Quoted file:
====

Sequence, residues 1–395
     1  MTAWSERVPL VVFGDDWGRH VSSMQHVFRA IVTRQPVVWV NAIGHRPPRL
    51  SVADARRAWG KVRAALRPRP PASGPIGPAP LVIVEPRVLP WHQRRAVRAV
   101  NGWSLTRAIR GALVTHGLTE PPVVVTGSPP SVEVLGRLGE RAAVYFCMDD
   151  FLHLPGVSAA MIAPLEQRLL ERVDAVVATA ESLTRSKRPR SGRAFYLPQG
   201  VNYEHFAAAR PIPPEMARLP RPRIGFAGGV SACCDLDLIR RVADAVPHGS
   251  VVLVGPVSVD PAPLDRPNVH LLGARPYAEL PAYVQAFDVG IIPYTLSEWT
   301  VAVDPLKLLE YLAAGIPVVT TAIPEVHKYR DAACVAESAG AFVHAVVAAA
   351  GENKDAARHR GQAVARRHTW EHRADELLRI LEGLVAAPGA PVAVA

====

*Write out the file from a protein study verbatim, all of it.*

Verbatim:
Sequence, residues 1–395
     1  MTAWSERVPL VVFGDDWGRH VSSMQHVFRA IVTRQPVVWV NAIGHRPPRL
    51  SVADARRAWG KVRAALRPRP PASGPIGPAP LVIVEPRVLP WHQRRAVRAV
   101  NGWSLTRAIR GALVTHGLTE PPVVVTGSPP SVEVLGRLGE RAAVYFCMDD
   151  FLHLPGVSAA MIAPLEQRLL ERVDAVVATA ESLTRSKRPR SGRAFYLPQG
   201  VNYEHFAAAR PIPPEMARLP RPRIGFAGGV SACCDLDLIR RVADAVPHGS
   251  VVLVGPVSVD PAPLDRPNVH LLGARPYAEL PAYVQAFDVG IIPYTLSEWT
   301  VAVDPLKLLE YLAAGIPVVT TAIPEVHKYR DAACVAESAG AFVHAVVAAA
   351  GENKDAARHR GQAVARRHTW EHRADELLRI LEGLVAAPGA PVAVA